Atmosphere And Weather

Common Myths about Hurricanes



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The six costliest hurricanes in United States history have all occurred since 1992, with five of the six happening since 2004 - Hurricane Katrina in 2005 of course being the worst of all.  Thus hurricanes have been much in the news, and people have had the incentive and the opportunity to educate themselves on the topic.

Yet there are various myths about hurricanes that are still fairly widespread.  Let’s take a look at a few of the most important:

1.  A mobile home is safe in a hurricane if it’s properly tied down and braced.

No, that just makes it very unsafe instead of very, very, very unsafe.


2.  As long as emergency shelters have been established, individuals and families don’t need their own evacuation plan.

Ending up in an emergency shelter should be your last resort, unless you like sleeping on the floor amongst a massive number of loud and smelly strangers.  Plus you can’t bring your pets, and you won’t have room for most of your “stuff” that you like to have with you when you’re away from home.  If at all possible you need to arrange in advance a place to stay outside the evacuation zone with a friend or family member.  Or a motel or public accommodation out of the area, but expect those to fill up very fast.


3.  As long as you have homeowners insurance, you’re covered for a hurricane.

Usually not.  Your policy might not cover you at all if you’re in a “high risk” area.  You might be covered for wind damage but not flooding.  You might be covered for damage to your house itself but not other damage to your property.  If you’re covered for hurricane damage at all, you probably have a high deductible you’ll still have to pay.  Don’t assume you’re covered; find out exactly the hurricane provisions of your insurance and get more insurance if you need to.


4.  If a hurricane is bad enough, it’ll destroy your house anyway, so it’s futile to take precautions.

This is as silly as this style of fatalism always is.  The idea is to improve your odds as best you can.  Maybe you can’t hurricane-proof your house so effectively that it’s literally impossible it could be destroyed in a hurricane, but you can lessen the chances.  You could put a roof on it that only the 5% strongest hurricanes could blow off rather than the 75% strongest.  You could shutter the windows so only 2% of hurricanes could break them rather than 95%.  You could use this building material rather than that building material so you’re only vulnerable to the top 15% strongest hurricanes rather than the top 50%.  And so on.


5.  If your house is fine in a typical windy thunderstorm, it should be fine in a hurricane, since that’s just a little more of the same.

The key point to remember here is that when you double the wind speed, the force it exerts is quadrupled.  So a 120 MPH wind isn’t just twice as big a deal as that 60 MPH wind you experienced in a bad thunderstorm; it’s four times as big a deal.  Plus a hurricane's high winds aren’t an occasional gust in a passing storm, but can be sustained for hours.


6.  Hurricanes only happen in Florida, in the Gulf states, or at most in the South in general, and only along the coast.

Hurricanes are much more likely to strike in some areas than others, but occasional hurricanes have made it into the Midwest and into the New England states.  And even if a hurricane loses strength and is no longer technically a hurricane once it gets far enough inland to reach you, such storms have still often caused massive damage and flooding.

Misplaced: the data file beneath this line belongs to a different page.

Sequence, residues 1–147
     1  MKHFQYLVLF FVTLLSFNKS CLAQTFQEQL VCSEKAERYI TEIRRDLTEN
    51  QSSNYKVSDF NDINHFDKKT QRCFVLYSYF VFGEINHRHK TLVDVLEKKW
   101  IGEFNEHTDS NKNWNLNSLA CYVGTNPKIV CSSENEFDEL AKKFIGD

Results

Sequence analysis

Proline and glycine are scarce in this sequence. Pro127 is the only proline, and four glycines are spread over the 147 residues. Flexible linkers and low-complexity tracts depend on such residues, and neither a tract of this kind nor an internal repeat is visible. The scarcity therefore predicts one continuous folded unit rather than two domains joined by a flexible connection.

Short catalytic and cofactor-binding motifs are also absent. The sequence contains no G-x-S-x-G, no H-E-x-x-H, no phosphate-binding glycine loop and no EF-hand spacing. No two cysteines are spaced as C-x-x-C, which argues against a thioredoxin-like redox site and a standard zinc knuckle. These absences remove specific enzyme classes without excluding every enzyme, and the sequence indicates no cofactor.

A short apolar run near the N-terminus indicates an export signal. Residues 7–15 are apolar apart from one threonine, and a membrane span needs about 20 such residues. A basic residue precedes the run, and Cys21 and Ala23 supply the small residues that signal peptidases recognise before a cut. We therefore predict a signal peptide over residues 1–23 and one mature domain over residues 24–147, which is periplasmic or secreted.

7.  Taped windows are safe from a hurricane.

Not really.  Taping might slightly lessen the chances of the window shattering when it breaks, but really you need proper storm shutters, or you need to nail wood over the windows.  (Think of “The Birds” when they’re trying to seal off the house to keep the killer birds out.)  The main thing tape will do is leave you with the unpleasant task of trying to scrape it all off your windows if the storm passes you by.


8.  The higher you can get in a building, like say the top floor of an apartment building, the safer you’ll be in a hurricane.

Mostly not.  If the storm and its high winds have largely passed but it has caused flooding, and you’re stuck in your home with flood waters rising, then yes, it makes sense to retreat upward to keep from being underwater.  But during the storm itself, going to a higher floor can make you more vulnerable, as wind speed increases the higher you go.  It also makes evacuation and rescue trickier.  You can more easily become trapped on a higher floor.


9.  You don’t need to evacuate until the weather turns noticeably bad.

You need to evacuate when you’re told to evacuate.  Once it already looks like a hurricane outside, you’re in serious danger of not being able to make it out of the area or to a shelter in time.


10.  You should leave windows open, because otherwise the house could explode from the difference in air pressure on the outside and inside.

The pressure difference could be a problem if a house were truly air tight with the doors and windows closed, but no house is.  You’re best off closing and boarding up the windows.  You and your possessions are at greater risk if you let the wind blow into your house through open windows, especially since it’ll blow the rain inside and drench everything.


With hurricanes as with so much else in life, don't believe everything you hear.  There are plenty of myths floating around out there.


Sources:

“Hurricane Myths”

“Top 3 Hurricane Myths”

“Top 10 Hurricane Myths Debunked”

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